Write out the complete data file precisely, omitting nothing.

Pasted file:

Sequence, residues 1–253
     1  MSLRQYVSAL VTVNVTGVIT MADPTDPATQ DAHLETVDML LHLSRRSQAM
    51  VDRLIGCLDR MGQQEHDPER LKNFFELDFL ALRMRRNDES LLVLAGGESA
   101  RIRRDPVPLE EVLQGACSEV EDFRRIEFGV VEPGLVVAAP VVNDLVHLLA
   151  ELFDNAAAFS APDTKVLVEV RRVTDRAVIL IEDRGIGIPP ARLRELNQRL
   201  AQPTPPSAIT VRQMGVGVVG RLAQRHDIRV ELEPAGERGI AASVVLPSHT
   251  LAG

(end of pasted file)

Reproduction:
Sequence, residues 1–253
     1  MSLRQYVSAL VTVNVTGVIT MADPTDPATQ DAHLETVDML LHLSRRSQAM
    51  VDRLIGCLDR MGQQEHDPER LKNFFELDFL ALRMRRNDES LLVLAGGESA
   101  RIRRDPVPLE EVLQGACSEV EDFRRIEFGV VEPGLVVAAP VVNDLVHLLA
   151  ELFDNAAAFS APDTKVLVEV RRVTDRAVIL IEDRGIGIPP ARLRELNQRL
   201  AQPTPPSAIT VRQMGVGVVG RLAQRHDIRV ELEPAGERGI AASVVLPSHT
   251  LAG